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09-22-2020, 09:43 AM - 1 Like   #1
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Are medium format lenses more prone to flare?

Mentioned this in the post pictures thread and decided it deserves its own place. Shooting Q through K-1 I thought multicoating had mostly eliminated lens flare. Unless shooting directly into the sun. Not so sure with digital medium format. Here is an example taken with the 645Z and HD 645 DFA 35mm lens. Taken underneath a park shelter, this is one of the last photos I would've ever guessed to be plagued by flare. Not sure if the barely lit light or sunlight sneaking under the shelter caused this. Neither appear very bright and I'm surprised Pentax's top coating was so easily defeated.

Do you find flare less well controlled in medium format?

Thanks,
barondla

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09-22-2020, 10:56 AM - 1 Like   #2
maw
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QuoteOriginally posted by barondla Quote
Are medium format lenses more prone to flare?
I don't think the medium format lenses are more prone to flare.

Is the lens hood mounted or not? Very important. It would look more like a glow or a small halo on the lens than real flare.

Check against the light for small spots or foggy or dull areas. Could be an abnormal glow from the lamp, and as you know light spreads in all directions and is difficult to handle.

More than anything else it is you who manage it.

Ciao Mario
09-22-2020, 11:06 AM - 2 Likes   #3
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Did you have a protector / UV filter or any other type of filter on the lens?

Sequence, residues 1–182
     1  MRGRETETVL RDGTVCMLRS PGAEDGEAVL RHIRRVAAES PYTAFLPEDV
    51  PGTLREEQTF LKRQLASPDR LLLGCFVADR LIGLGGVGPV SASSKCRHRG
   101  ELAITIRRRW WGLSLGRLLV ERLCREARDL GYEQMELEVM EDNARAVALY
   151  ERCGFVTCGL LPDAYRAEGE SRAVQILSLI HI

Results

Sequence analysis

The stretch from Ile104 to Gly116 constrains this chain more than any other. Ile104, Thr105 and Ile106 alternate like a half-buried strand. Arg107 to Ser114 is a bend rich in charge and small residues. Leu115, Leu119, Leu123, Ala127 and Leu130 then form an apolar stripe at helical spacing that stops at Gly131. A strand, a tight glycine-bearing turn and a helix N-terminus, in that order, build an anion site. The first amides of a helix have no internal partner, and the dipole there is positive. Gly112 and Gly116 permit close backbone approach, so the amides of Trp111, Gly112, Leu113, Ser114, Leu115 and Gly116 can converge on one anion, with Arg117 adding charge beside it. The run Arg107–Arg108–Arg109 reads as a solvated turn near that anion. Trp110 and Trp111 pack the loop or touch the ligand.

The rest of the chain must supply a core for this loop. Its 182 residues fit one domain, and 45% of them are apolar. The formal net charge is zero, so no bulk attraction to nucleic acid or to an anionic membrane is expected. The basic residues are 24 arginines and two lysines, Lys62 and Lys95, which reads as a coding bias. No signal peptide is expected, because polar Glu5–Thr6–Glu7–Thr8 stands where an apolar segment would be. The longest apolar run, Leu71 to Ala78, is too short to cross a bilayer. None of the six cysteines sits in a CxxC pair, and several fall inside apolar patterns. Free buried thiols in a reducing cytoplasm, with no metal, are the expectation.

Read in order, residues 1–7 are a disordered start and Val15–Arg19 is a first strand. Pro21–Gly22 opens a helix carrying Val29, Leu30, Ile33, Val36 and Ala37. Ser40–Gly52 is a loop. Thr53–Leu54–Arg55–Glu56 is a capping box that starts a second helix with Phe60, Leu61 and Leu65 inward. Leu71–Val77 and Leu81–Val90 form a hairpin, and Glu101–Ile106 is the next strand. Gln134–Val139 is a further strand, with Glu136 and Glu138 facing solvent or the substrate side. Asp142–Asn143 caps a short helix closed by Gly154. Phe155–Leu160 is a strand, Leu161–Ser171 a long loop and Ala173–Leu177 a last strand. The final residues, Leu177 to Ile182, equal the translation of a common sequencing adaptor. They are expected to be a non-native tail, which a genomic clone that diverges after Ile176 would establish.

09-22-2020, 11:13 AM - 1 Like   #4
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Check the lens for fungus

09-22-2020, 12:05 PM   #5
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QuoteOriginally posted by maw Quote
I don't think the medium format lenses are more prone to flare.

Is the lens hood mounted or not? Very important. It would look more like a glow or a small halo on the lens than real flare.

Check against the light for small spots or foggy or dull areas. Could be an abnormal glow from the lamp, and as you know light spreads in all directions and is difficult to handle.

More than anything else it is you who manage it.

Ciao Mario
Yes, Pentax supplied hood was on the lens. No spots or foggy areas on lens elements.

---------- Post added 09-22-20 at 02:06 PM ----------

QuoteOriginally posted by BigMackCam Quote
Did you have a protector / UV filter or any other type of filter on the lens?
No UV or any other filter was mounted on lens.

---------- Post added 09-22-20 at 02:09 PM ----------

QuoteOriginally posted by pschlute Quote
Check the lens for fungus
Thankfully, lens is perfectly clear of fungus or any other problems.

Don't want people to think the flare happens all the time. It's a rare occurrence. Just rarer with other formats. Usually I'd see this before the shot, but the light was dim. Since this was shot on cropped 645 digital camera, the lens hood could be a little longer. Oh well. Not like it's a game changer, or that I'm going to abandon Pentax. Pentax is not doomed!

Thanks,
barondla

Last edited by barondla; 09-22-2020 at 12:20 PM.
09-22-2020, 12:09 PM - 1 Like   #6
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Did you have the viewfinder covered for the exposure?
09-22-2020, 12:10 PM - 1 Like   #7
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QuoteOriginally posted by BigMackCam Quote
Did you have a protector / UV filter or any other type of filter on the lens?
Another interesting observation, now I remember it happened to me photographing a sunset, some halos appeared to me,
however, due to the lights of the streets, more than the sun, so after removing the filter the effect disappeared, to be evaluated.

Ciao Mario
09-22-2020, 12:15 PM - 1 Like   #8